What happens to the stock market when the Fed raises interest rates?

In theory, stocks should perform worse when the Federal Reserve raises interest rates.

The common convention is as follows: If the Fed raises what's known as the Federal Funds rate – the interest rate commercial banks charge each other to borrow money – to compensate banks must raise interest rates on loans to businesses and individuals.

Higher interest rates make it more expensive to borrow money leaving people with less money to spend and invest.

Indeed, immediately following the Fed's decision Wednesday to raise interest rates by a quarter-percentage point stocks fell – but eventually reversed course.

After trading higher leading up to the decision, the Dow Jones industrial briefly turned negative but closed 1.6% higher, or 519 points, Wednesday. The S&P 500 and Nasdaq composite nearly wiped away their gains from earlier in the day. But both indices reversed course toward the tail end of trading and closed higher.

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The yield on the 10-year Treasury rose to 2.17%. That's the highest level 10-year bond yields have been since June of 2019. The Fed is also forecasting an additional six rate hikes this year.

Federal Reserve Chairman Jerome Powell told reporters the Fed's policy changes have been "priced into the market for a few months now," and that Wednesday's market moves are not indicative of the effect of raising interest rates.

But, against common convention, stocks have tended to move higher after the Federal Reserve raises rates.

Since 1990, there have been four tightening cycles where the Fed has raised interest rates multiple times over a one- to three-year period.

By the end of each cycle, the S&P 500 saw positive annual returns, according to research conducted by Steve Bruce, senior investment consultant at Northwestern Mutual Wealth Management Company.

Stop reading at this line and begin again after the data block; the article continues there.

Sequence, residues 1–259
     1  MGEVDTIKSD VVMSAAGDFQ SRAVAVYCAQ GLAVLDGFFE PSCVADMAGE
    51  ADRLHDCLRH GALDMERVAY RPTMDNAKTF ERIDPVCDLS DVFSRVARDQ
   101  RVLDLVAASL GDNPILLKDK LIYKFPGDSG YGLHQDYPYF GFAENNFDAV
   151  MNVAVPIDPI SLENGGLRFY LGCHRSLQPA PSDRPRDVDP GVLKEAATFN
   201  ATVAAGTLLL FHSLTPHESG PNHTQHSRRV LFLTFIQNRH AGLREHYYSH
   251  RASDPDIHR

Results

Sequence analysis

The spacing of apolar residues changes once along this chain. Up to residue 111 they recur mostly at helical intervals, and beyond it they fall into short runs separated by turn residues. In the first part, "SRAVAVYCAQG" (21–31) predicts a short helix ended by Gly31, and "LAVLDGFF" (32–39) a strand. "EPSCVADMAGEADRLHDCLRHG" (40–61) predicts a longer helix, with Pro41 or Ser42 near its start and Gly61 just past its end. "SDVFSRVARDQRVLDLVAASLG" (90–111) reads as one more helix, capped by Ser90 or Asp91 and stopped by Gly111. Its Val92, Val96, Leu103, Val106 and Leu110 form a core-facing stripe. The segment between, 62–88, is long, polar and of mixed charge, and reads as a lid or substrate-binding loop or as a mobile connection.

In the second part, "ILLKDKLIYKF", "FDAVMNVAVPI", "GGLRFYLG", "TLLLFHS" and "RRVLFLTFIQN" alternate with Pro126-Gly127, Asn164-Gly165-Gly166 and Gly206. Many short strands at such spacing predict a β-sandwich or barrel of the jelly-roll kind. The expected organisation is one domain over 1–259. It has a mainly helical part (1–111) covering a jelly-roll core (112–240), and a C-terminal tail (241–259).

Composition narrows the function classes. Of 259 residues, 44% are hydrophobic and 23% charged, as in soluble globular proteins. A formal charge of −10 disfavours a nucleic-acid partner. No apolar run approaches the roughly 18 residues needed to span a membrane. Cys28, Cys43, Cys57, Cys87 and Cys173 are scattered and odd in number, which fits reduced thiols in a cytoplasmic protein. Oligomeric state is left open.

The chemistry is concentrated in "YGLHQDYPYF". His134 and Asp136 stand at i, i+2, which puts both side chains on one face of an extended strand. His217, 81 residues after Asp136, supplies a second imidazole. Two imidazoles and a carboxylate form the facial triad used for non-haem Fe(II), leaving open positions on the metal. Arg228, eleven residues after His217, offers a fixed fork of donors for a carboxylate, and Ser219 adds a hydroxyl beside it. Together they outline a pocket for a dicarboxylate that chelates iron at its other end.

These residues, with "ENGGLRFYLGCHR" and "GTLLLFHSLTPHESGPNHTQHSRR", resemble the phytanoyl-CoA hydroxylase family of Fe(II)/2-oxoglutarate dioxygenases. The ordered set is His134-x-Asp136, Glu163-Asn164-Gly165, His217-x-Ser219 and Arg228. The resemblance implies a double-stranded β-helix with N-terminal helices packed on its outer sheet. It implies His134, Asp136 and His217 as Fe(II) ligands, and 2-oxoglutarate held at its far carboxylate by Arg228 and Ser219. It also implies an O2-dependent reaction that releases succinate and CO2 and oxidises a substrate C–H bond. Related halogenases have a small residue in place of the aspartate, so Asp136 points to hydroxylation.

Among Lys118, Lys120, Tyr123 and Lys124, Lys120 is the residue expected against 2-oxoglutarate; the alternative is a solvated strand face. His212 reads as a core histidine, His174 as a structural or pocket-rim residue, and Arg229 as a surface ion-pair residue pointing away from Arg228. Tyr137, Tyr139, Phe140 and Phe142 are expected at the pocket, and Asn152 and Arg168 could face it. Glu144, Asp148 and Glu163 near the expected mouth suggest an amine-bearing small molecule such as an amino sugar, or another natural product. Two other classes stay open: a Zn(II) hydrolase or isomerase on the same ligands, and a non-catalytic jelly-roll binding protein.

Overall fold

Is that to say that investors can sit back and watch history repeat itself as the Fed continues to raise rates? Not quite. How the Fed's decision on interest rates affects stocks

In the immediate month following a rate hike, history is pretty much useless if you're trying to find clues on how stocks will move, said Craig Lazzara, managing director in core product management at S&P Dow Jones Indices.

Lazzara and his colleague Fei Mei Chan through their research found no monthly correlation between changes in yields on 10-year notes, which typically rise when the Fed raises rates, and changes in stock prices from 1990 to 2021.

Even the three months following a rate hike may be pointless to try to read too much into.

"In the short-term following an initial rate hike, most asset classes underperformed their historical average returns. In the three months following that first hike, only 25% outperformed their historical average," Bruce said in his analysis, which looked at median asset class returns following all five initial hikes since 1990.

"However, investors were rewarded if they held through those initial-hike market jitters, with better than 50% of asset classes outperforming their historical average returns over multiple time periods.

For instance, growth stocks, which are companies that produce above-average returns compared to overall market performances, have tended to fare the worst in three months following a rate hike. But three years after the initial hike, growth stocks had some of the highest returns across the 12 asset class groups, Bruce tracked.

Value stocks, which are companies that seem to be trading at bargain prices relative to their future earnings potential, performed the best three years after rate hikes, according to Bruce's analysis.

Gargi Chaudhuri, head of iShares investment strategy for the Americas at BlackRock, is recommending her clients put more money in value stocks, which often include banks and energy companies, given their past performance.

"These exhibit higher sensitivity to higher interest rates," she said, meaning they're likely to perform better when interest rates rise.

Raising rates to fight inflation is complicated by war in Ukraine

Basing your investment decision off past market performance is dangerous, said Kevin Gordon, senior investment research specialist at Charles Schwab. It's impossible to make a perfect apples-to-apples comparison between how stocks performed a decade, or even a year ago, versus how they'll perform now because economic conditions aren't identical.

And it's even more dangerous nowadays, he said.

The war in Ukraine is set to send inflation even higher, especially as U.S. consumers are paying more than $4.31 per gallon of gas on average, according to Wednesday data from AAA.

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